Story #5

Back to the “Bad”…

Story #5…

Are you a Runner?

A common question in the fitness world.  Many of us label ourselves as runners, bikers, swimmers, lifters, etc.  While many may try to argue that one is better than the other, overall it is simply a way of identifying a passion, hobby or fitness modality that one prefers.  In the world of Autism, being labeled a “runner” is not a good thing. In fact, most parents, caregivers and teachers associate being a “runner” as a very bad or negative characteristic.

Many parents of children with Autism will place special locks on all their doors after  having to chase their child around the neighborhood on numerous occasions or after having to make the dreaded phone call to the police that their child is missing.

Many caregivers and aides have experienced the leisurely walk with a child with Autism that ends in a near death experience as the child darts into traffic with no hesitation.

It is not exactly easy for a teacher to leave a room full of children to chase after one child that darts from the room in the middle of class.

One second they are present and accounted for and the next, they are gone.  It is scary, dangerous and just plain inconvenient.  Unless mom, the aide or teacher is an avid sprinter, it also probably is not easy to catch them.  As an aide for individuals with autism, I experienced many sessions interrupted with a sprint down the block, followed by the catch (for lack of better terms), and then, if possible, a calm and quiet re-direction back to the house as yelling, reprimanding or making the child feel threatened in any way will only escalate the situation.

While there is nothing good about having a child who consistently runs away, this bad characteristic is actually the very first thing that sparked my interest in providing structured physical activity for these children.  Here is what I saw:

1) Very few resources and programs available to parents addressing specific physical needs of children with special needs

2) Children who experience extreme tantrums and behaviors and are unable to communicate and express what they are feeling or what set them off

3) Children who use physical activity as an escape or way to calm themselves down but in a very uncontrolled manner

4) Most of the kids that are “runners” are fast, really fast.  So why not take a strength and teach the child to use it in appropriate circumstances.  You don’t want to enforce that running all together is bad, you want to enforce certain circumstances when it is safe to run.  You also don’t want to try to replace a different sensory activity that doesn’t equate to their behavior (ie, a child who runs will most likely need some sort of physical release to calm them down; a child who squeezes or pinches, usually benefits more from a compression sensation such as being wrapped in a blanket or squeezing a ball).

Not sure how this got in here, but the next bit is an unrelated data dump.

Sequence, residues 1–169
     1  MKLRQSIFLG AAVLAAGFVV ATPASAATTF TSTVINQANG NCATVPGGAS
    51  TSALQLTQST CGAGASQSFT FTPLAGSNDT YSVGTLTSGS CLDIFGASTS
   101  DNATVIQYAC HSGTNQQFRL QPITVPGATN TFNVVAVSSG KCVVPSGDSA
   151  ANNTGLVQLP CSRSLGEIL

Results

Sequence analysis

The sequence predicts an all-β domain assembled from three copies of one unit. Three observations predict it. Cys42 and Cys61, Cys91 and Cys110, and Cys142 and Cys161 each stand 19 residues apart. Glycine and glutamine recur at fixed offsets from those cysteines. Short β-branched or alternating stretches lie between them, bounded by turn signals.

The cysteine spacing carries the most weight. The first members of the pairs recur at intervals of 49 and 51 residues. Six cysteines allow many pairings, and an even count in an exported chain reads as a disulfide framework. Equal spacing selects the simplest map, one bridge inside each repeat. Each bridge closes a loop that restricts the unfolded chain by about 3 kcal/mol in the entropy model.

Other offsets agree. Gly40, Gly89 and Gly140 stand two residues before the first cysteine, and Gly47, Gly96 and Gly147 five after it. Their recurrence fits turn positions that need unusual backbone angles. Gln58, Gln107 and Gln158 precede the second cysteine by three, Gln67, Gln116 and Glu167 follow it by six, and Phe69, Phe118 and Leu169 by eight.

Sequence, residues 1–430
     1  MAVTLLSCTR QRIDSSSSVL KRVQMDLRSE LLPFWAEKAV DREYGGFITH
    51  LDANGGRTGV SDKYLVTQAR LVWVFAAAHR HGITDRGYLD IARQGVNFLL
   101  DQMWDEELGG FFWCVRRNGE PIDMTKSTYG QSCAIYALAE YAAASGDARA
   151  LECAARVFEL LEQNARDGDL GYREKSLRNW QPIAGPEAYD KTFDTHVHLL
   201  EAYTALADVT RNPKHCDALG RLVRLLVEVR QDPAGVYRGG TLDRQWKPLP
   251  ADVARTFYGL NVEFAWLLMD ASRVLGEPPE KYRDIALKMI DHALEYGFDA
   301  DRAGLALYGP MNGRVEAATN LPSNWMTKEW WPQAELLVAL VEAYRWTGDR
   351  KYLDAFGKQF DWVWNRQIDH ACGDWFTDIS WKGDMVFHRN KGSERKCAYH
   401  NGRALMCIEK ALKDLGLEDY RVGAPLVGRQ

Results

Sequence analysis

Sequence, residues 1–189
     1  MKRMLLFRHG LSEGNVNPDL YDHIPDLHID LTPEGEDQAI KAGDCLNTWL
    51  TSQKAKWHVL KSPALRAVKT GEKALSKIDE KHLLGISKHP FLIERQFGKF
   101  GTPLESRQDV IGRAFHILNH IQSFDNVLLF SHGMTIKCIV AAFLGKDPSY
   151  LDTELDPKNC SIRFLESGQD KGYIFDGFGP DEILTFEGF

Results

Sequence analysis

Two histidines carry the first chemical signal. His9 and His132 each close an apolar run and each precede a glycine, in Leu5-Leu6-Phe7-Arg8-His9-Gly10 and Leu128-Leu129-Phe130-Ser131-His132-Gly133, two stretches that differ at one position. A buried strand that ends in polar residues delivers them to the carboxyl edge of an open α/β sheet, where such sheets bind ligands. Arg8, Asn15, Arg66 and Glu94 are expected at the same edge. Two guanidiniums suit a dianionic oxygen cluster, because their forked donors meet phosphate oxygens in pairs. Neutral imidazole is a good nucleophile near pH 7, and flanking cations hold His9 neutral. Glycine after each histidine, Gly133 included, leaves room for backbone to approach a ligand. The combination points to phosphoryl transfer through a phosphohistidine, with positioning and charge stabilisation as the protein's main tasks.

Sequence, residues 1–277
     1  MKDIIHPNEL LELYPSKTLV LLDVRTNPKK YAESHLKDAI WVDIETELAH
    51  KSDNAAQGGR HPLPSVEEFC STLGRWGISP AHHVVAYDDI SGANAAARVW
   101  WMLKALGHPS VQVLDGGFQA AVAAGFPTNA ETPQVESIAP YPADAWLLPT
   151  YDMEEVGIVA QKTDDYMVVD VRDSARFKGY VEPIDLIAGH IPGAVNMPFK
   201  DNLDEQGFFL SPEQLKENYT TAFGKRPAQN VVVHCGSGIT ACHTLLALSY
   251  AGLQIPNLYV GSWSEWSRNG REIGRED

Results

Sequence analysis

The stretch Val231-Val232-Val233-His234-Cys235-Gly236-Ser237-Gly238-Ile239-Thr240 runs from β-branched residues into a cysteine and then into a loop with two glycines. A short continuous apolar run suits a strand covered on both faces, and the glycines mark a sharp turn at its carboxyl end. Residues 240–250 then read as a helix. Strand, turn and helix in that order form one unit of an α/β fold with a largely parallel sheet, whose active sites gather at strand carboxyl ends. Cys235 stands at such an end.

Many children with autism are going to school all day and then in ABA type programs and other after school activities that place more and more demands on them.  Lets just say, if I were them, I think I would run as well:)  And this is how I started implementing physical activity into the children’s program.  Our sessions went from “when can I never see Jen again”  to “when will Jen be back” and even “when can I kiss Jen?”  In other words, our sessions were much more enjoyable and more productive.  The child was more apt to attend to a specific task and was much more focused during the task if we constantly rotated in “free time” that involved physical activity (and I don’t think any parent is going to argue that “free time” involves exercise)!  This also helped teach the children how to regulate their moods and situations where they felt threatened, overwhelmed, over-stimulated, etc and again gave them choices, such as run, take a walk or jump on a trampoline.  The parents were then encouraged to support this by having visual icons on hand to allow the child to communicate what they needed/wanted to to do calm down (of course, only give options that you are going to allow at that specific time).

While I would never wish a “runner” on any parent that has a child with Autism, I am Thankful that I have experienced a few “Bad” cases of “runners.”  These cases opened my eyes to a more successful way of programming, a way to incorporate more structured physical activity into their lives and eventually led to starting FITBuddies.  FITBuddies is not only about improving the health and wellness of this special population, it’s also about teaching these children/young adults how to regulate their moods, behaviors, etc with safe activities.

When starting with a new group, the kids are allowed to write their own workouts. They are given a list of items that are "allowed" and may choose anything they like from the list. They feel like they are "in charge" yet I only list activities for the day that I would like to implement. Then I slowly start adding in "Jen's Choice." When they are given a FREE choice, they always choose running!!

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